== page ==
Seeking to bolster my self-esteem, I re-read my prescient warning back in April that the stock market was overvalued and people should sell. Here’s what I wrote about Scott Sumner (the guy who has made a name for himself by declaring that our problems are due to Bernanke’s tight-money policies):
Well Scott Sumner has hung up the keyboard. In his “I’m not really serious but actually I am” kind of way, he takes credit for quantitative easing and several trillion dollars in new wealth. It’s too long to reproduce the argument here, but he’s basically saying that bloggers forced Bernanke / gave him the support to inflate more, and that has resuscitated global stock markets.
Don’t worry Scott, you are not being arrogant. I too hold you fully responsible for what happens to the world economy.
I was being somewhat tongue in cheek, but it really is true that Scott has done more than any other person in getting mainstream economists to flip on this issue. Check out Tyler Cowen’s remarks today about the possible S&P downgrade:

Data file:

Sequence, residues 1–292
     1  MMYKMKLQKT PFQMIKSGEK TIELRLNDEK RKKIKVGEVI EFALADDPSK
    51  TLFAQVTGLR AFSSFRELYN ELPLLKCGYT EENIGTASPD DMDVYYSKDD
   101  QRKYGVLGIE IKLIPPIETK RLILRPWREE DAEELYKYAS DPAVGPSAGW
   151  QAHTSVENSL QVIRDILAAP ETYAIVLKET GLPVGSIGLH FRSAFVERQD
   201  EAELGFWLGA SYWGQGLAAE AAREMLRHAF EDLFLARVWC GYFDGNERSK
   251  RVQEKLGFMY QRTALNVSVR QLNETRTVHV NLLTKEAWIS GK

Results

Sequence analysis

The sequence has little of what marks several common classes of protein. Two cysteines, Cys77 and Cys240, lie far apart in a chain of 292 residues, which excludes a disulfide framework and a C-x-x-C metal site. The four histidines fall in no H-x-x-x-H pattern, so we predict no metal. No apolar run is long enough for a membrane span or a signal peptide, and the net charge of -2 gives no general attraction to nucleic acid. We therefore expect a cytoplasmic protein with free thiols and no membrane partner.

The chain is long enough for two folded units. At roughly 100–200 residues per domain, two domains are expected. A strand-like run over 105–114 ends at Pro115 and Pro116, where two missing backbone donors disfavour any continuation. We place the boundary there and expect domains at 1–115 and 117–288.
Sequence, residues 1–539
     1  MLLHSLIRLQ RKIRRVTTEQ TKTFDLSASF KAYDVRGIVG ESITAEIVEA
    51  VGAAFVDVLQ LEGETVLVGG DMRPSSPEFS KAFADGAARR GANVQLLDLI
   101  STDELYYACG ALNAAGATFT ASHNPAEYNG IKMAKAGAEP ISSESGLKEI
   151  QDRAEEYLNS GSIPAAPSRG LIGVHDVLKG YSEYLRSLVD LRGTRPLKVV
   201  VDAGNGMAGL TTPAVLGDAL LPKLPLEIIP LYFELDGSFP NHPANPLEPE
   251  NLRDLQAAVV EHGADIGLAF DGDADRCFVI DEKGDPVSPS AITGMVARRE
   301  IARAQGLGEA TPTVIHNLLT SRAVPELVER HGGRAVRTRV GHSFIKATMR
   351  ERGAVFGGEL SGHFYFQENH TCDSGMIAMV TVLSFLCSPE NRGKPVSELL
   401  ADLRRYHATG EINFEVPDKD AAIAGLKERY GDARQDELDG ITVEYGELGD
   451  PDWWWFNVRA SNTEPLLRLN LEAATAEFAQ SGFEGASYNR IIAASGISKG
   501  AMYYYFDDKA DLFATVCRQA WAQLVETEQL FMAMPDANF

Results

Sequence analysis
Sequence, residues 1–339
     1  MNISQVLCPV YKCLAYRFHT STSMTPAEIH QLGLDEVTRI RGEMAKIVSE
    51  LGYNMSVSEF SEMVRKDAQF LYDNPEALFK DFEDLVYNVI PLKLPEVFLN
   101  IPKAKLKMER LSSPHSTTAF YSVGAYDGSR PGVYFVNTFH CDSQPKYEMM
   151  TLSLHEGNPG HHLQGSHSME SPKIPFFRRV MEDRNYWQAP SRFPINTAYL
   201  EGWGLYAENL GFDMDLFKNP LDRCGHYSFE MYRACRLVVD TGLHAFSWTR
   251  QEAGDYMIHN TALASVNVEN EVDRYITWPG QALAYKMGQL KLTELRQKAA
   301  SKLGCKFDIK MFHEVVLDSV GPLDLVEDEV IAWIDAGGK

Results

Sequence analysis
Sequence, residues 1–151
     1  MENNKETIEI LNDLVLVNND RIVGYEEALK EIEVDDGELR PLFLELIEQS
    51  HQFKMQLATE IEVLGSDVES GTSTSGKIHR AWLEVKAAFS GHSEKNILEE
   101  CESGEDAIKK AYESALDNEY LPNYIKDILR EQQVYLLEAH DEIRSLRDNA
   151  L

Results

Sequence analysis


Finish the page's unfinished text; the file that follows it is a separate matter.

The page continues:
3. I don’t expect anyone to change their mind at this point, but the “we should have had a much bigger stimulus” argument is unlikely to go down in intellectual history as the correct view. Instead, Ken Rogoff and Scott Sumner are likely to go down as the prophets of our times. We needed a big dose of inflation, promptly, right after the downturn. Repeat and rinse as necessary. But voters hate inflation and, collectively, we proved to be cowards. Too bad.
Really, let’s not have target practice with “beltway libertarians” blah blah blah. That’s not my point here. My point is, how in the world has the economics profession gotten to this point, where it is “cowardice” to not think that multiple bursts of inflation are the key to prosperity? (And where doubling the monetary base in a single year is not enough inflation the first time?)